Real disposable incomes — a closely tracked indicator of Russian households’ financial wellbeing — dropped by 3.5% in 2020, Rosstat found. They now stand more than 10% below levels recorded in 2013, the last year of solid growth before Russia’s annexation of Crimea and a slump in world oil prices pushed the economy into recession.
Slow growth in the years after that, as the Kremlin prioritized economic stability, led to continued hardship for families and the coronavirus pandemic has now pushed Russian households into their most precarious financial position in the last 10 years.
Economists said the government’s limited — but well-targeted — anti-coronavirus financial support helped soften the blow for the poorest families, although an extra 400,000 households fell below the poverty line last year, the RBC news website reported. The number of Russians now classified as living in poverty stands at 19.6 million.
Observers say years of economic stagnation has fostered rising discontent with the Kremlin, fueling the protest sentiment unleashed by Alexei Navalny’s arrest upon his return from Berlin.
Other economic data published Thursday showed the economy as a whole continued to beat expectations, registering smaller declines in output than analysts had predicted. The official unemployment rate fell below 6%, although economists say that is probably more connected with the government reducing unemployment benefits than a surge in job creation, and the true rate of joblessness is likely significantly higher.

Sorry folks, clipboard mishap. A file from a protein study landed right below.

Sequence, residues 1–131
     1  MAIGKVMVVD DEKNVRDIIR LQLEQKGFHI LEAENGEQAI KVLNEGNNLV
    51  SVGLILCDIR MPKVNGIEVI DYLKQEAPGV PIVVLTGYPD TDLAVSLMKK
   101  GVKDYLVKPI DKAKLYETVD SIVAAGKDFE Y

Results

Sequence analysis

Construction and agriculture were the only sectors of the economy to register growth in 2020, Rosstat said. Industrial production — which includes Russia’s vital oil and gas output — fell by 2.9%. Retail sales slumped by 4.1% across the year — hit hard by forced shop closures during Russia’s nationwide lockdown last spring. Unsurprisingly, the consumption of paid services — spending in places like restaurants, bars and hairdressers — fell the sharpest, registering a 17.3% drop over the year.
But Russia’s economy weathered the first year of the coronavirus crisis better than most developed economies and better than many first feared. The economic contraction is set to be among the world’s smallest, helped by the Kremlin’s rejection of imposing a second lockdown, even as virus rates, hospitalizations and deaths surged across the country.
But the recovery is also likely to be among the slowest, with few economists expecting a rapid bounceback since the government is keen to quickly recover its lost revenues by returning to a policy of austerity.